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Oman experiment provides a welcome education for Ireland boss Giovanni Trapattoni

Oman experiment provides a welcome education for Ireland boss Giovanni Trapattoni

David Maher / SPORTSFILE

The game against the west Asians was useful preparation for fringe men seeking action in meaningful games during the World Cup qualification process

By Ryan Kelly

Manchester United's Robbie Brady well and truly announced his arrival on the senior international stage last night when he played an integral part in the creation of two Irish goals and scored an utterly outrageous volley from 25-yards out with his weaker right boot to help dispatch of Oman at Craven Cottage.

Prior to the game, Giovanni Trapattoni sang the young winger's praises, telling journalists that Brady was 'one of the best' players in the under-21 squad. “Technically, he can create,” said the Italian coach in the pre-match press conference. “In the past we had no other like this. He's quick and very creative. He has a good personality. Robbie knows his quality and is a little bit cocky. I think he can do well.”

But Brady might not just be 'one of the best' – he could, in fact, be the best attacking Irish talent to emerge in quite some time. And it will come as no surprise to those who have followed the Dubliner's progress over the years. A few days before receiving his call up to the senior squad, the talismanic 20-year-old had broken the goalscoring record for the Ireland under-21s, an achievement reached playing on the wing for Noel King's team. He is a complete player, one who is remarkably skilful yet also refreshingly versatile.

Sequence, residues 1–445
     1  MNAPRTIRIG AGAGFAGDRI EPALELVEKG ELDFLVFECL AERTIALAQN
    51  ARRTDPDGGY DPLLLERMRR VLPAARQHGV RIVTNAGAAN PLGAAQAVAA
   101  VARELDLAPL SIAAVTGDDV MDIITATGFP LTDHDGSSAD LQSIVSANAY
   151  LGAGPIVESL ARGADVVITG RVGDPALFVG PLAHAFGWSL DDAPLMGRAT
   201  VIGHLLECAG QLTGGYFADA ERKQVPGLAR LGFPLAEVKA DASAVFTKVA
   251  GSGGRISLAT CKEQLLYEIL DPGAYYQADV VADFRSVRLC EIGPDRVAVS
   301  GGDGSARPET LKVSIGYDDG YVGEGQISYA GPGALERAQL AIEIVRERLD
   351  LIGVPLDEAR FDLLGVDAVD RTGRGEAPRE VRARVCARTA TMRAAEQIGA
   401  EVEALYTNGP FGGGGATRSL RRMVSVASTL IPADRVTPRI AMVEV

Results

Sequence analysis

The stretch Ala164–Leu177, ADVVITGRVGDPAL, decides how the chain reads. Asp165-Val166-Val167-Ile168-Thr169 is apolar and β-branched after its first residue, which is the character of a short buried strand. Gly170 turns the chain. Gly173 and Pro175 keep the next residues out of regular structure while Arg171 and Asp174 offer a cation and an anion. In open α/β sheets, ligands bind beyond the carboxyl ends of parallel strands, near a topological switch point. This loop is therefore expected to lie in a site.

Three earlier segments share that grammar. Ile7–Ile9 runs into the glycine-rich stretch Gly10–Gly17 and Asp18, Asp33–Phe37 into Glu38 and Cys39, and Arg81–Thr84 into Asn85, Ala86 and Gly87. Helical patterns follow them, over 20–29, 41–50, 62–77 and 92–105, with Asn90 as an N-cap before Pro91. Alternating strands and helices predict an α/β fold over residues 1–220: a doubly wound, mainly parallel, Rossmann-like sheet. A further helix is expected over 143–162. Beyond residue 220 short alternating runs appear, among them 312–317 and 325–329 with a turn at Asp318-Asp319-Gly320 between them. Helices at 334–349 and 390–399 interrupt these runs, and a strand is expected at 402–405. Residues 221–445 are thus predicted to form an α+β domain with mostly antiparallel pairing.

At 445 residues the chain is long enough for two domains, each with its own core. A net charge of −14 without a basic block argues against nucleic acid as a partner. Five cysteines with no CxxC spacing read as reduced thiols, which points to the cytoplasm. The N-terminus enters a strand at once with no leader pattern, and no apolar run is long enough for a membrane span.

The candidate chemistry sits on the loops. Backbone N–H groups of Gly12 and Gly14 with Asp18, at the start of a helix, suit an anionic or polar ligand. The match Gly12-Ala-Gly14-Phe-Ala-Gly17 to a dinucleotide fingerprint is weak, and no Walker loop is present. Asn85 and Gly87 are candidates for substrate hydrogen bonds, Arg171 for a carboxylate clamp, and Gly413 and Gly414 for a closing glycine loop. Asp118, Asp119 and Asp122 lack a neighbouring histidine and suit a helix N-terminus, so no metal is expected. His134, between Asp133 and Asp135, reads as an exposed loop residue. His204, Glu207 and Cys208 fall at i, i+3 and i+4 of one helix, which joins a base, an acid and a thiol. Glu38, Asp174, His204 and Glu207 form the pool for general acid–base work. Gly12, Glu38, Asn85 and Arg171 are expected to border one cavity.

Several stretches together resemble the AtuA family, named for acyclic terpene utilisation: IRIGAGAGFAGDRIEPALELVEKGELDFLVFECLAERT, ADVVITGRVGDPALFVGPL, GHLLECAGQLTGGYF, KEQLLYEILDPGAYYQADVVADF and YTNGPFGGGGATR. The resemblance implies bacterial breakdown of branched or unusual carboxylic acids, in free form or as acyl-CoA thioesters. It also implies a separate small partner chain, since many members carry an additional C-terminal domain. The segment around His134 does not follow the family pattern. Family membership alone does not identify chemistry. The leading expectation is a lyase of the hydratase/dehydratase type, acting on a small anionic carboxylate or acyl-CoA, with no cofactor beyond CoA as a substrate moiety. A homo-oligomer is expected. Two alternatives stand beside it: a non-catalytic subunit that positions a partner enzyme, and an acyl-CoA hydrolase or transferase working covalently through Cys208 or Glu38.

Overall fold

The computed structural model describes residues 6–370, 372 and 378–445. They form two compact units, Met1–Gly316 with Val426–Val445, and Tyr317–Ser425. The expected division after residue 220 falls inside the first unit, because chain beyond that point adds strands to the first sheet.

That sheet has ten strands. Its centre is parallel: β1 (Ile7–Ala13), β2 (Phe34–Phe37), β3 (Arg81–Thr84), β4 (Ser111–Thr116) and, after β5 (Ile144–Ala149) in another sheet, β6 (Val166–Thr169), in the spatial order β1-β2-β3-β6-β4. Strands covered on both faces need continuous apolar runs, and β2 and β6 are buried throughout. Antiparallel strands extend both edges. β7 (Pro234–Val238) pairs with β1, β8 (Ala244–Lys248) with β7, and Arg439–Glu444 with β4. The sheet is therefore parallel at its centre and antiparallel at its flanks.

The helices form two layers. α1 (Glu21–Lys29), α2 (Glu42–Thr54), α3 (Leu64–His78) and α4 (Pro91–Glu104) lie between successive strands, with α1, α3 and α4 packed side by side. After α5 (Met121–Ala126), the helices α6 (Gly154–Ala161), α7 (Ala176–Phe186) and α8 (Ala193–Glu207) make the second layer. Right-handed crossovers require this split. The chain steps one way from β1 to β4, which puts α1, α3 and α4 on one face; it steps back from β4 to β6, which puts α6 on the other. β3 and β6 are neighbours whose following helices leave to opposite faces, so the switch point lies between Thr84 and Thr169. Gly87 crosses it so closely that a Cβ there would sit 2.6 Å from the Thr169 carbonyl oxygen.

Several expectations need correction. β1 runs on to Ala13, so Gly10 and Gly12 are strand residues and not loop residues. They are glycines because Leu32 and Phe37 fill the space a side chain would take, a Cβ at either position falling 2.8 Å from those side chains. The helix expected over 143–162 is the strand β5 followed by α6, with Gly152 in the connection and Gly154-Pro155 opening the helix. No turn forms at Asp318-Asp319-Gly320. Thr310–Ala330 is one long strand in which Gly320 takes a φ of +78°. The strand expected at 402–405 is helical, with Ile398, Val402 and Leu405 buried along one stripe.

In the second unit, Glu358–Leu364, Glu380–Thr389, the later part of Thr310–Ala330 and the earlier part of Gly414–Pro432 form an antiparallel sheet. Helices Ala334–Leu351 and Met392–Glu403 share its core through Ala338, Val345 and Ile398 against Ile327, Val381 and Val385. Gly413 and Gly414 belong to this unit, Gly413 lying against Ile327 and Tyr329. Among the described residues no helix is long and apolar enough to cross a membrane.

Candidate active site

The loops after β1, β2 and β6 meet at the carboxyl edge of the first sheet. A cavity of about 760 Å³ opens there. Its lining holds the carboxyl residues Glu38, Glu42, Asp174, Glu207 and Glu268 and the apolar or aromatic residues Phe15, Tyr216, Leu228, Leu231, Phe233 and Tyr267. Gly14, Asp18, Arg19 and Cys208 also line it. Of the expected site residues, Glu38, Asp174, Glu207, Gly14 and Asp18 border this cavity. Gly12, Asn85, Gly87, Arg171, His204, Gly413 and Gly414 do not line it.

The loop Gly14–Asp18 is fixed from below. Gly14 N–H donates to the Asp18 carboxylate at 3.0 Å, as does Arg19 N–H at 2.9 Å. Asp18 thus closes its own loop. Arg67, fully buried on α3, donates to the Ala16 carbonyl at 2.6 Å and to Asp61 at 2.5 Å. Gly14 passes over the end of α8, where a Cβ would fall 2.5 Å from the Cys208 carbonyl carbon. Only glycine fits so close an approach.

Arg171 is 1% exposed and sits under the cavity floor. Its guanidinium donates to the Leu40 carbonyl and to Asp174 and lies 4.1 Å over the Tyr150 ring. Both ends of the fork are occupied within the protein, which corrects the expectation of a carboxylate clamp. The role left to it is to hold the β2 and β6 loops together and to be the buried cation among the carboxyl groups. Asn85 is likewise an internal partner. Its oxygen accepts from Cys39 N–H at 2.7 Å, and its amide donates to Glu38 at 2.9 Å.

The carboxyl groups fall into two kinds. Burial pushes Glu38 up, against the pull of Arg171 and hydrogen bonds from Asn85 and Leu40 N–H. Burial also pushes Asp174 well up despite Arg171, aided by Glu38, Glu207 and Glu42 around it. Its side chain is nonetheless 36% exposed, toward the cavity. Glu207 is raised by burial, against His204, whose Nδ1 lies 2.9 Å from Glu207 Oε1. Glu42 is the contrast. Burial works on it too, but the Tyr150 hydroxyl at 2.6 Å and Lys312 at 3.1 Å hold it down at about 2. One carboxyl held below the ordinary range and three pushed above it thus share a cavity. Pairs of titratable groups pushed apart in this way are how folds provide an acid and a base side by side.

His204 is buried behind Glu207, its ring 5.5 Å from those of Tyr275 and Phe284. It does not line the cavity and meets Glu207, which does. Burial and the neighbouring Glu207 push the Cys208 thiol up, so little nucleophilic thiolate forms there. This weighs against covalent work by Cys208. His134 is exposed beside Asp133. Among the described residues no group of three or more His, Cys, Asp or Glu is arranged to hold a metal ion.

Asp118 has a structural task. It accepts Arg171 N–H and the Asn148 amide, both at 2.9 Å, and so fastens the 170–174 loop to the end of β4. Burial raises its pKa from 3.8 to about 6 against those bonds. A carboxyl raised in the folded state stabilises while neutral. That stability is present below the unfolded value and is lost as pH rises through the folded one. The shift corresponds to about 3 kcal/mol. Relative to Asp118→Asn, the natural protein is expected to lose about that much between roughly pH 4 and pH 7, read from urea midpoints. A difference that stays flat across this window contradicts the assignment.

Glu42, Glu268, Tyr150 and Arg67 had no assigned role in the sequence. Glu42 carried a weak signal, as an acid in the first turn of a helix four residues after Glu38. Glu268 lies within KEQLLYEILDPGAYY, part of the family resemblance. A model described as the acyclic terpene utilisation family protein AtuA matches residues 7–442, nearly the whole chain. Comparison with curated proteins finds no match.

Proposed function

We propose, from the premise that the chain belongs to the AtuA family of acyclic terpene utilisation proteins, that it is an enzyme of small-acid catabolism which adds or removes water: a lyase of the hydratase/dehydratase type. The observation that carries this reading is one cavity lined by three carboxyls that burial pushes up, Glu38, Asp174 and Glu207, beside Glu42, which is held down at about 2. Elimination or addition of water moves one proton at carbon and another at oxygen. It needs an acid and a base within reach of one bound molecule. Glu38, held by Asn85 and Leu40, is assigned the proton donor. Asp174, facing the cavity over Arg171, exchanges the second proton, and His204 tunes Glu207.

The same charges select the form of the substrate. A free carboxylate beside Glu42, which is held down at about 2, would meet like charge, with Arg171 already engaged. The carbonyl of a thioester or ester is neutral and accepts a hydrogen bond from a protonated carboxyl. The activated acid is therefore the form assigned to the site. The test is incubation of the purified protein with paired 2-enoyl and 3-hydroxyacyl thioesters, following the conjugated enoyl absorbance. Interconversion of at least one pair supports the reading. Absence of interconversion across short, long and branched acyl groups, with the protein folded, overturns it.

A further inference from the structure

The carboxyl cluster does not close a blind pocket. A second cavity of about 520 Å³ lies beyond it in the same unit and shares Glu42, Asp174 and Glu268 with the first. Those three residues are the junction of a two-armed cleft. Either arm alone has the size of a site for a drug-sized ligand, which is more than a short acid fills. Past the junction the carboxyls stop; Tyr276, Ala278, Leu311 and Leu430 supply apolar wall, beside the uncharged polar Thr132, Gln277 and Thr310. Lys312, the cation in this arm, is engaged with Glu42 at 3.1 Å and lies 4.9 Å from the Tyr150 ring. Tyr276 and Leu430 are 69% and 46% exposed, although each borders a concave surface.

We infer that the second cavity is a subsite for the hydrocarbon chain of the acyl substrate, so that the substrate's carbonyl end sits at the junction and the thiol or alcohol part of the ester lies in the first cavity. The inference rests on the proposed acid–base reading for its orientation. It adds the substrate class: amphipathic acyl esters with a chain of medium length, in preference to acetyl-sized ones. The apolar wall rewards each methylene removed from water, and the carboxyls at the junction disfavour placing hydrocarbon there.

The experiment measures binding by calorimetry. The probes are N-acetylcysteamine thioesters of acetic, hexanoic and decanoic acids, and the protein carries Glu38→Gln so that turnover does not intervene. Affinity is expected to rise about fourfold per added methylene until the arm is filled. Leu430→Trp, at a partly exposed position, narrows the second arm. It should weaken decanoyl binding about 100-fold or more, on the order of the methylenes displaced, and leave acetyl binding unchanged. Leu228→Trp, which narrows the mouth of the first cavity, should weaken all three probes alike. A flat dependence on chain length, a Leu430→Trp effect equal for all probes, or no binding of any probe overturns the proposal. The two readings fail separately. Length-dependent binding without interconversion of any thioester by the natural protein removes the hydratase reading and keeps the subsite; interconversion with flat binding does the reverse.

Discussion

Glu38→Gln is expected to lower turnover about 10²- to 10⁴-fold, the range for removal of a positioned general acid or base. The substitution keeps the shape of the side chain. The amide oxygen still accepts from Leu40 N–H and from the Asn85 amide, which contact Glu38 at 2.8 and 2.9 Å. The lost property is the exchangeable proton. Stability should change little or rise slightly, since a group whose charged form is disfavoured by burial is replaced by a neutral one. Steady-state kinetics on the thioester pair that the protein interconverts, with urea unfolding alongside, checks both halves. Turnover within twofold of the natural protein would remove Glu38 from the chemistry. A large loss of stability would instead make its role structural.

Others impressed too. In centre midfield, Sunderland's David Meyler made his debut alongside James McCarthy and the strapping Corkonian was busy in the execution of his role, evidently eager to impress and stake his claim for a place in the squad. For a player that has suffered, not one, but two, cruciate ligament injuries during his short career thus far, Meyler is a surprisingly energetic presence and while he played slightly deeper than McCarthy, shielding the defence, he also managed to get forward to provide much needed assistance in attack. Indeed, it was a welcome change from the tired and robotic displays of Glenn Whelan.

Arguably, the game against Oman presents a massive success for Giovanni Trapattoni. Not only was the comprehensive victory a welcome boost to morale following the tepid performance against Kazakhstan in Astana, but from a managerial standpoint it provided an education to the Italian coach as to what kind of options he has available to him.

Furthermore, it will have served as a reality check to players that had felt their place in the team was a given. Brady's magisterial contribution must surely have brought James McClean hurtling back down to earth, while David Meyler's mobility in midfield alongside McCarthy suggests that the self-appointed pariah Darron Gibson may not necessarily be missed. Everton's Seamus Coleman, too, linked up well with Brady on the right wing and he made a strong case for his deployment at right back.

However, the positivity that has been generated after the 4-1 victory is tempered by the level of the opposition and Trapattoni, one feels, is nonetheless unlikely to make changes to his team for the crucial World Cup qualifier against Germany. Regardless, the Italian's experiment is a step in the right direction and the competition levels within the Ireland squad have visibly risen, something which can only be a good thing for the Boys in Green.